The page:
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Abstract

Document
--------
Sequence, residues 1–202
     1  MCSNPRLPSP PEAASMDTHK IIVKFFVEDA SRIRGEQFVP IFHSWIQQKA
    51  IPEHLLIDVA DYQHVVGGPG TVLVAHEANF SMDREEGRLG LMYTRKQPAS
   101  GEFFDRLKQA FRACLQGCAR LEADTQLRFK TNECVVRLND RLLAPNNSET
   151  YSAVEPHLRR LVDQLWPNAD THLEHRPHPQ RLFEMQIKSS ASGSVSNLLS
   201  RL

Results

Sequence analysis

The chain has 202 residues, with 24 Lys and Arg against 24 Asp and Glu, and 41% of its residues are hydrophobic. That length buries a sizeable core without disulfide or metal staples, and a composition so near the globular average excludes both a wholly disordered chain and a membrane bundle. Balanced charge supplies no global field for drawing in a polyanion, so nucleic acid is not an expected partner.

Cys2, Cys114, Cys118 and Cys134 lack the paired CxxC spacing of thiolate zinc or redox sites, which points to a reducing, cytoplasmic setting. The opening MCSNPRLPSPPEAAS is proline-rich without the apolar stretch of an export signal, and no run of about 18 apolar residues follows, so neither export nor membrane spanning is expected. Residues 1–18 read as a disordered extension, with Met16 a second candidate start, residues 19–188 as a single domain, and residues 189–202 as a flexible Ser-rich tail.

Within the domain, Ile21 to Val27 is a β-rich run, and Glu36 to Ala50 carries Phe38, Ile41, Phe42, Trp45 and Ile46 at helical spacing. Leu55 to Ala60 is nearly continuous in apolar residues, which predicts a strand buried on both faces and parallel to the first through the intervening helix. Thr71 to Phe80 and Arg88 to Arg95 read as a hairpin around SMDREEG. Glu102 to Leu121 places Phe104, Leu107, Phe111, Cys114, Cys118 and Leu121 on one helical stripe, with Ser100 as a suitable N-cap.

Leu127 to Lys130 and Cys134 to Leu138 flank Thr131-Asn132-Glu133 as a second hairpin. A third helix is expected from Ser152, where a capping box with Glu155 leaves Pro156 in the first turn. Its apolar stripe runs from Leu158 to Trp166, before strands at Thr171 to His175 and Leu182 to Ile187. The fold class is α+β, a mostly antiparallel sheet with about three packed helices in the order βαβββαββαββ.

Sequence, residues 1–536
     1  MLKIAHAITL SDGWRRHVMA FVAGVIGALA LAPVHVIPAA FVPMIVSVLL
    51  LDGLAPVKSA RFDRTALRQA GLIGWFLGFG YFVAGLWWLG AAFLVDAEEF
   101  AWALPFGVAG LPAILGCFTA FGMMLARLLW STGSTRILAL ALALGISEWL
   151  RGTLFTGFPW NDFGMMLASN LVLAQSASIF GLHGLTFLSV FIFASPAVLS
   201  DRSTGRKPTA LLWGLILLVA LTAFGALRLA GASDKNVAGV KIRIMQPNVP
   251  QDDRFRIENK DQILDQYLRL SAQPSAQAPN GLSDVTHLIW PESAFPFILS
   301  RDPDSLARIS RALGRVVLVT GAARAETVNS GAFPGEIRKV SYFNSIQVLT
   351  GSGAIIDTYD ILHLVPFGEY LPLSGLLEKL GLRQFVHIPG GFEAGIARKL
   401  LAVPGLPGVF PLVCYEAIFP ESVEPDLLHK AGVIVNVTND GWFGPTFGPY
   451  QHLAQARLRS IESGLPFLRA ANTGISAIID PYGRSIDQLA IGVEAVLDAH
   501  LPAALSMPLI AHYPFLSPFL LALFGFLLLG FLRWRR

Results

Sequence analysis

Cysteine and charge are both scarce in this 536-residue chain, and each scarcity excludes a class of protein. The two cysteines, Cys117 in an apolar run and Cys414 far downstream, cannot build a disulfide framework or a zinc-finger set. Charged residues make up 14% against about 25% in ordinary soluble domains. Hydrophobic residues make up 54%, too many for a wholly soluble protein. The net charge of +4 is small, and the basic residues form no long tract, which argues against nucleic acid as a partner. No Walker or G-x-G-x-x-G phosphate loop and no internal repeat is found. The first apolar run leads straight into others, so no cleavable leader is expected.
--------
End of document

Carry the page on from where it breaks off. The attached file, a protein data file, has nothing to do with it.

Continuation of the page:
Foodborne disease outbreaks have a tremendous impact on society, including foodborne illnesses, hospitalizations, lost work time, and deaths. These food-safety events have a significant influence in shaping consumer's perception of risk. In food consumption, outbreaks of foodborne illnesses also have an effect on the development of public health policy. Due to these safety-related uncertainties in the food supply chain, various regulatory safety and health policies are implemented to decrease potential harm to likely victims. The expected effect of these food-safety policies forecasted in terms of reduction in foodborne illnesses, mortality, and food-related diseases may be overstated if consumer's offsetting behavior is overlooked. Reduction and in some cases reversal of direct policy effect may occur. This research tests the presence of dominant or partial offsetting behavior in the preparation and consumption of vegetables if a food-safety policy such as the Pathogen Reduction/Hazard Analysis and Critical Control Point (PR/HACCP) is mandated in the vegetable sector.

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